When a legend passes away, we are all saddened, and this is especially true for Sir Stirling Moss. His wife announced his passing. Stirling had won 212 of the 529 races he was in, in each category, and he's still remembered today because, despite having won 16 Grand Prixs, he never won the F1 title, even if he was vice world champion four times: in 1955, '56, '57, and '59.
Because of a discourtesy by the Drake - who had invited him to an F.2 race, where the car was instead then given to Taruffi - Moss particularly enjoyed the times when he managed to beat the Ferraris, especially if driving an English car.
Injured in a serious accident in Goodwood in 1962, when he returned to racing after thirty days, only to realize that he was no longer the same, he retired, while remaining active on the circuit until 2011.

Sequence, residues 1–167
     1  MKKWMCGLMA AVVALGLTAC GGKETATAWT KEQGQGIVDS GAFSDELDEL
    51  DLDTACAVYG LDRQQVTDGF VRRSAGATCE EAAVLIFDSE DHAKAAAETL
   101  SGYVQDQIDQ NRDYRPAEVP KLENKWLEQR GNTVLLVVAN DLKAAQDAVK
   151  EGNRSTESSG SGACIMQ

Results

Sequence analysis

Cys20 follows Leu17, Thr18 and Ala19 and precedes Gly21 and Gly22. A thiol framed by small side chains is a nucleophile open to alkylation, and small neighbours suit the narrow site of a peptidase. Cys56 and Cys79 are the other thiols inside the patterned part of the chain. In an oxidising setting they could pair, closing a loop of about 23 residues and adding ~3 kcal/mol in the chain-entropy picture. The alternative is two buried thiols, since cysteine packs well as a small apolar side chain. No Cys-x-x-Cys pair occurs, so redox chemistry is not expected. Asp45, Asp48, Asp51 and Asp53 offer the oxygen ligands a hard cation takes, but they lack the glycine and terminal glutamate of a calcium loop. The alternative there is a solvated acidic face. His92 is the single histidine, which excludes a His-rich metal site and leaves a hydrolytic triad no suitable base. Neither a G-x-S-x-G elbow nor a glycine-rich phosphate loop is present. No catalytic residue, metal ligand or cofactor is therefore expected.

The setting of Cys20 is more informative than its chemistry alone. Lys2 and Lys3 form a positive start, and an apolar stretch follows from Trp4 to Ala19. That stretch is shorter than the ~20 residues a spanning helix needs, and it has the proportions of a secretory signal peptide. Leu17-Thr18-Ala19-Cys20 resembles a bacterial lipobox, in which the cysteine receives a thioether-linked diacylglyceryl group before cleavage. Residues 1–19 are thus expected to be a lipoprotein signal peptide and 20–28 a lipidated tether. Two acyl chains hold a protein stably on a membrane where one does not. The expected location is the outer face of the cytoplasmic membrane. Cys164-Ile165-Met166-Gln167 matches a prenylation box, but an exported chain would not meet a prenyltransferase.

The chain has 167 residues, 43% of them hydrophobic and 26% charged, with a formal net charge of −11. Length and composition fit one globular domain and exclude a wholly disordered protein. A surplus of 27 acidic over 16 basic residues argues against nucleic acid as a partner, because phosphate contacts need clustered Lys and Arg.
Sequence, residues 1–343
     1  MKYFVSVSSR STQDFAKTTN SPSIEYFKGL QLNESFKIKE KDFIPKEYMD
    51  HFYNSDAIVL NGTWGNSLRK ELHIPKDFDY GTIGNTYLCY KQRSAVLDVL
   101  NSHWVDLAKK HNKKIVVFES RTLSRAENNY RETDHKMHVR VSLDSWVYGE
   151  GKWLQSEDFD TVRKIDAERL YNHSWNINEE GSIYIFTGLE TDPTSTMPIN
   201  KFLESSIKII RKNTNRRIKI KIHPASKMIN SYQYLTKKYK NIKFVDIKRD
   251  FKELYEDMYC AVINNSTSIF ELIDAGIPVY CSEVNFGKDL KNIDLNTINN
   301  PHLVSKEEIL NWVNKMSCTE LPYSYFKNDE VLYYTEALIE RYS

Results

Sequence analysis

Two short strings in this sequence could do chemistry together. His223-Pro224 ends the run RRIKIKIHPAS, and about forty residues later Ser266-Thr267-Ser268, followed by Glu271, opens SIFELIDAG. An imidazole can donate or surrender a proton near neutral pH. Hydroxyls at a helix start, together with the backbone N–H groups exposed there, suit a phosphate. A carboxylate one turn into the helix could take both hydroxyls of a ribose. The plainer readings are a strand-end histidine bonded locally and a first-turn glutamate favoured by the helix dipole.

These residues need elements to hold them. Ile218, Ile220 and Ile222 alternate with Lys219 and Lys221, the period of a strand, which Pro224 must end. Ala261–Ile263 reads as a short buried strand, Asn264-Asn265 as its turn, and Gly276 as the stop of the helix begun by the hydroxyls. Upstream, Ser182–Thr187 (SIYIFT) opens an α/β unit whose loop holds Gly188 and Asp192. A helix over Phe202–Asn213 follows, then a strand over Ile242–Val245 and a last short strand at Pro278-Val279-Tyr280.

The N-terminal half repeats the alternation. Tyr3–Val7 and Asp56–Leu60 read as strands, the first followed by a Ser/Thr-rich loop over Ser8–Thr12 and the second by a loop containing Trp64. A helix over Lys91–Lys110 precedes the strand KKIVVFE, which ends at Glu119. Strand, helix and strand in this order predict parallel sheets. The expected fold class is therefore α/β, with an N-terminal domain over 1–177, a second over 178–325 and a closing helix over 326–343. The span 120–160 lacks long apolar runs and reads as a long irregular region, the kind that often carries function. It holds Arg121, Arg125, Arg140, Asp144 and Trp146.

His fame is demonstrated by the fact that, for many years, British police officers who would stop motorists on the street for speeding would ask: "Who do you think you are, Stirling Moss?"
He didn't work as a rider, he was a rider, his whole life.
"He died like he lived, with a wonderful appearance," his wife, Lady Moss, said. "In the end, he simply got tired and closed his beautiful eyes, that's all."
“All I did back then was arrive, try the car, race, and then chase after some girl or do whatever I wanted. It was a fabulous life."
Godspeed Sir Moss.